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Huster v. J2 Global Communication, Inc.

United States District Court, N.D. Illinois, Eastern Division

September 19, 2014

PHYLLIS A. HUSTER, Plaintiff,
v.
j2 GLOBAL COMMUNICATION, INC., ADVANCED MESSAGING TECHNOLOGIES, INC., UNIFIED MESSAGING SOLUTIONS, LLC, ACACIA PATENT ACQUISITION LLC, and CHARLES R. BOBO II, Defendants.

OPINION AND ORDER

JOAN H. LEFKOW, District Judge.

Plaintiff Phyllis A. Huster filed a complaint against defendants j2 Global Communication, Inc. ("j2"), Advanced Messaging Technologies, Inc. ("AMT"), Unified Messaging Solutions, LLC ("UMS"), Acacia Patent Acquisition LLC ("Acacia"), and Charles R. Bobo, II to correct the inventorship of nine U.S. patents[1] (collectively "the patents in suit") under 35 U.S.C. § 256. Defendants filed four motions to dismiss, including a motion to dismiss on the grounds of improper venue. The court finds that venue is improper in this district but, rather than dismiss the case, it will transfer it to the Northern District of Georgia in the interest of justice.

BACKGROUND FACTS[2]

In 1994, while living in Atlanta, Georgia, Huster developed a prototype for a system that receives and stores voicemail and faxes in a central location and distributes them to users through an Internet browser. (Compl. ¶ 10.) By the fall of 1994, Huster was using her computer as a server to receive and transmit faxes over the internet. ( Id. ¶ 13.) Around the same time, Bobo, also a Georgia resident, [3] retained Huster as a consultant for his company, NetOffice, Inc. ("NetOffice"), which also was developing a system to send faxes via email. ( Id. ¶¶ 11, 13.) As compensation for her services, Huster received consulting fees and stock in NetOffice. ( Id. ) Bobo eventually abandoned work on his own system in favor of Huster's system (the "fax-to-email system").[4] ( Id. ¶ 13.)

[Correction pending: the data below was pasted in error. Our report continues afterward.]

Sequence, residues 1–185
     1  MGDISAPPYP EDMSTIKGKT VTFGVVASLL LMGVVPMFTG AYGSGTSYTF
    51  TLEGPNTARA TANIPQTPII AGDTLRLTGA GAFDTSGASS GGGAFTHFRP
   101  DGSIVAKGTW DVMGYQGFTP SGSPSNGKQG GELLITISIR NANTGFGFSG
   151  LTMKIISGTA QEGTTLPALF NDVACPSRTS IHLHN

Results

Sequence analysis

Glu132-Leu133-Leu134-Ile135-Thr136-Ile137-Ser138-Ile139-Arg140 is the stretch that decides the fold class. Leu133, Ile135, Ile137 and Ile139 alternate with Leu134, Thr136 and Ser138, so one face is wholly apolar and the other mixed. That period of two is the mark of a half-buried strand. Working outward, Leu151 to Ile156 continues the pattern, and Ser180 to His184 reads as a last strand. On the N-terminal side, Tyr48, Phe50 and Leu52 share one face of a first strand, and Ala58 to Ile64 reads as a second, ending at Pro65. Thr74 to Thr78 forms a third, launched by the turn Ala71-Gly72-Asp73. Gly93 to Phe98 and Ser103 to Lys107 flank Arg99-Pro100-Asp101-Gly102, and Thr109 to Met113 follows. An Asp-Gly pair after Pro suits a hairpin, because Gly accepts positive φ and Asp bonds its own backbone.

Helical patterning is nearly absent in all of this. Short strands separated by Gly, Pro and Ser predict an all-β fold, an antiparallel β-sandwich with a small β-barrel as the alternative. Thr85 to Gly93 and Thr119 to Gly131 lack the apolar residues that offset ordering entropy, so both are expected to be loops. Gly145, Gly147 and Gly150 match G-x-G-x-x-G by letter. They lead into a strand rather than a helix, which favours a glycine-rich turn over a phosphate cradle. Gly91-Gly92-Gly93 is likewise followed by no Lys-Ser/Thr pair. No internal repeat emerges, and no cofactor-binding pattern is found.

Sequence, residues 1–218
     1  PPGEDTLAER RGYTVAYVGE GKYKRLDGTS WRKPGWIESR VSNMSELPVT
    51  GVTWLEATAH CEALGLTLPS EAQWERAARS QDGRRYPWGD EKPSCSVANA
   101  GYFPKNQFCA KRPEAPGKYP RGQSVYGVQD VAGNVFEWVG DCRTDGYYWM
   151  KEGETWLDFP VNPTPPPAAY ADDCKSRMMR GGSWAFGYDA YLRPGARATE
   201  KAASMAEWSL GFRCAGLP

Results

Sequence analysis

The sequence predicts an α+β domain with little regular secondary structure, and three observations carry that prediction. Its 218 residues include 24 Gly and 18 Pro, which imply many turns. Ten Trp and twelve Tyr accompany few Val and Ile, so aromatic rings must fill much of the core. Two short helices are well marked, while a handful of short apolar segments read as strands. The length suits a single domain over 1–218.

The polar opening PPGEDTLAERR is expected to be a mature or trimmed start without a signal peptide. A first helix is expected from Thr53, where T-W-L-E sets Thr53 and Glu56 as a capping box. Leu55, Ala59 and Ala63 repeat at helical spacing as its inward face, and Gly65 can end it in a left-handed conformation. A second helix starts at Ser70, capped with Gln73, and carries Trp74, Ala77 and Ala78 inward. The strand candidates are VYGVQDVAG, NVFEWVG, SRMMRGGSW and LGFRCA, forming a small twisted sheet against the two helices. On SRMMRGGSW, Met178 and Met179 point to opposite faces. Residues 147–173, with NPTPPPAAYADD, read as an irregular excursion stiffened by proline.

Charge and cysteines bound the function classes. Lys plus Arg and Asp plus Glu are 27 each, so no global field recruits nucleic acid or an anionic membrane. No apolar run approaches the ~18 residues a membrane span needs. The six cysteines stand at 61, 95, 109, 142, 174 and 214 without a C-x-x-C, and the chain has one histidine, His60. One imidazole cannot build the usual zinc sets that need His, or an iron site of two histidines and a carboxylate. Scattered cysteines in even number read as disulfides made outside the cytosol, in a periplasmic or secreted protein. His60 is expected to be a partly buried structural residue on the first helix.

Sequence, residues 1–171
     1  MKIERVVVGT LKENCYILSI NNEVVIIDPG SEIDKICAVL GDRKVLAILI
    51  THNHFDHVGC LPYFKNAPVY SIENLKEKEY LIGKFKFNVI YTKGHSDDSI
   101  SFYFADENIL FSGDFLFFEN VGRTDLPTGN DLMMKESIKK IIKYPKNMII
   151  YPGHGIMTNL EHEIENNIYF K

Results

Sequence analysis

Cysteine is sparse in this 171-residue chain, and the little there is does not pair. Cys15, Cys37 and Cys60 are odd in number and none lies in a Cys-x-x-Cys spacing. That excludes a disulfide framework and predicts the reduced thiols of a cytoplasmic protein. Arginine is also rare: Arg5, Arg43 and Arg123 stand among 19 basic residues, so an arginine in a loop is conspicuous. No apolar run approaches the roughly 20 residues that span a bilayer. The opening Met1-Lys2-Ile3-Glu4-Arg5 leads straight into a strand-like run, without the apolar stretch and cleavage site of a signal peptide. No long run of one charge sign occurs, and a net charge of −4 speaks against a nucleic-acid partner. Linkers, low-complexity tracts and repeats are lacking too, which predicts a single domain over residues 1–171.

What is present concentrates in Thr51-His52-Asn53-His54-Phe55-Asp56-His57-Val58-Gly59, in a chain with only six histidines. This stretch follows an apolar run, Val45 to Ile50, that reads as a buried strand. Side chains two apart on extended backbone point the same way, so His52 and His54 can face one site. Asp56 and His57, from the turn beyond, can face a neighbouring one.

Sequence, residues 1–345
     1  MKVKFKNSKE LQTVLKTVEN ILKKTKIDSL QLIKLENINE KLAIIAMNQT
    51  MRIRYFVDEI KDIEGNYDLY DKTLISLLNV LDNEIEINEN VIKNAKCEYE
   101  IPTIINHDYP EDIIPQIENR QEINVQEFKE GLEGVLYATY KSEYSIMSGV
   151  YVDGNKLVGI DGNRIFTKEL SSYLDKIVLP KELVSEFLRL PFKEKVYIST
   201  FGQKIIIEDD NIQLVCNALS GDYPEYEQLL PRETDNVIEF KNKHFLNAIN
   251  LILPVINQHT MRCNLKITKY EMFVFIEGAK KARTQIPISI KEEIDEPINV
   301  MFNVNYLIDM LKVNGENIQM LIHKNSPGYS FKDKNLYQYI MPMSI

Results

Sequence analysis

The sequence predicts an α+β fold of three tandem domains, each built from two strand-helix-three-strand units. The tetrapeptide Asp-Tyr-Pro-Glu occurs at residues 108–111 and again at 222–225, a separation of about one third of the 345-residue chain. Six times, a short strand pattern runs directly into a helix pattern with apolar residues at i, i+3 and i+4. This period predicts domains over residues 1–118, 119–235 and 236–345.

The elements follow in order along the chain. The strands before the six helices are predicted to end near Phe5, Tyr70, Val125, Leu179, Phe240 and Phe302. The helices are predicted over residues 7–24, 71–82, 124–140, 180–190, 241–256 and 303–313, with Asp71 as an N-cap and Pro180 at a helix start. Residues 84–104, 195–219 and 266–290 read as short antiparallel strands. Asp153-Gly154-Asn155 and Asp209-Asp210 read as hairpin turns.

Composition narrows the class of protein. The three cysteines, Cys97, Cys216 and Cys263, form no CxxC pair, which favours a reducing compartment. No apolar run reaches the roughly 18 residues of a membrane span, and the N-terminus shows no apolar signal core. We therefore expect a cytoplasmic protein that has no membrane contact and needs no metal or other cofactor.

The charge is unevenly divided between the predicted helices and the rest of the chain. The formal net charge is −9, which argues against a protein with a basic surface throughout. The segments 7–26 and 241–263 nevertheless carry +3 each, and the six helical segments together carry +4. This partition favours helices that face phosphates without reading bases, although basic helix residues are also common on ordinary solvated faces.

Huster and Bobo discussed patenting the fax-to-email system. ( Id. ¶ 14.) Huster prepared hand-sketched drawings of the system and provided them to a law firm recommended to her by a friend. ( Id. ) On January 4, 1995, Huster and Bobo attended a meeting at the firm where they agreed that the patent application would name Huster and Bobo as co-inventors. ( Id. ) When the application was filed, however, it omitted Huster's name as co-inventor without any notice to her. ( Id. ) This application led to one of the patents in suit. ( Id. )

Bobo and the patent attorney filed subsequent patent applications for Huster's system but did not tell Huster when the patents were issued or that she was not listed as an inventor. ( Id. ¶¶ 14, 17.) Eventually Huster moved to Washington State and Bobo stopped communicating with her. ( Id. ¶ 15.) Huster learned that she was omitted as a co-inventor of the patents in suit in 2010 in connection with a patent infringement suit in California. ( Id. ¶ 21.)

After Bobo patented the fax-to-email system, he assigned the patents to NetOffice Solutions, LLC, which was not the entity in which Huster owned stock. ( Id. ¶ 16.) Although the exact chain of ownership is unclear from the face of the complaint, the patents in suit were ultimately assigned to "j2 and its affiliates and/or Acacia." ( Id. ¶ 18.) In 2010, j2 assigned the patents to AMT, which has offices at the same address as j2. ( Id. ¶¶ 3, 5.)